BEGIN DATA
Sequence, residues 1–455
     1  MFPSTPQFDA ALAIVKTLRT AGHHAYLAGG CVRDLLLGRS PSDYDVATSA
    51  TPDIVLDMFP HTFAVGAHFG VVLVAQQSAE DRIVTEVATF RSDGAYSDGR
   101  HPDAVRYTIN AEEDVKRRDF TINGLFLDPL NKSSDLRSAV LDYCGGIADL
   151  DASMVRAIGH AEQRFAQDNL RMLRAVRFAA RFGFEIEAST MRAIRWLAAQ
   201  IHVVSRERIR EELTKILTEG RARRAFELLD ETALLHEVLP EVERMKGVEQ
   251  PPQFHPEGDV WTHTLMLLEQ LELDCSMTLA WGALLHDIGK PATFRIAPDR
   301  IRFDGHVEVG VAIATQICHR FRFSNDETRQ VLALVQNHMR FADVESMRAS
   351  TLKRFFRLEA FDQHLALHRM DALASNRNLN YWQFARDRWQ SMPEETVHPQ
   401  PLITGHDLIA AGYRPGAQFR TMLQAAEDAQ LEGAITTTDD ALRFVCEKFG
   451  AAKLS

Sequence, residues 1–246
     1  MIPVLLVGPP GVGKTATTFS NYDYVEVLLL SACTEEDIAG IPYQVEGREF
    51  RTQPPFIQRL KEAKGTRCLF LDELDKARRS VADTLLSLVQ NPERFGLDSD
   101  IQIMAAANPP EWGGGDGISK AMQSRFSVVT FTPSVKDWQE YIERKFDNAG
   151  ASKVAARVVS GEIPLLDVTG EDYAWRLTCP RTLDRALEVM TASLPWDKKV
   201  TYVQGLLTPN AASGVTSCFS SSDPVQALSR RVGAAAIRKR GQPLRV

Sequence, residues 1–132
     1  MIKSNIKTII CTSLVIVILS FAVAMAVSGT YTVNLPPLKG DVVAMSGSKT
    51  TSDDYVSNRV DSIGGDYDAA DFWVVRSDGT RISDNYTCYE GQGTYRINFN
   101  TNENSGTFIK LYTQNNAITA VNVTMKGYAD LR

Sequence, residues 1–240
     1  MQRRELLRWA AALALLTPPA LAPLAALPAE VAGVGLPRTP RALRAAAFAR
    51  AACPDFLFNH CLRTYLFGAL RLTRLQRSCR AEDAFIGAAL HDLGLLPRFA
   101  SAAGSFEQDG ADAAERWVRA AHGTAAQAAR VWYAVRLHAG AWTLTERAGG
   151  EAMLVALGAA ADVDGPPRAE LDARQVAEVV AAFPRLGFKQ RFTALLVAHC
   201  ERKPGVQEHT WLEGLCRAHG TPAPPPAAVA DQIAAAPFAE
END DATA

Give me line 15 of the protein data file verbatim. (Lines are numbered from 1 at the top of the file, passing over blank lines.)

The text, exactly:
   101  IQIMAAANPP EWGGGDGISK AMQSRFSVVT FTPSVKDWQE YIERKFDNAG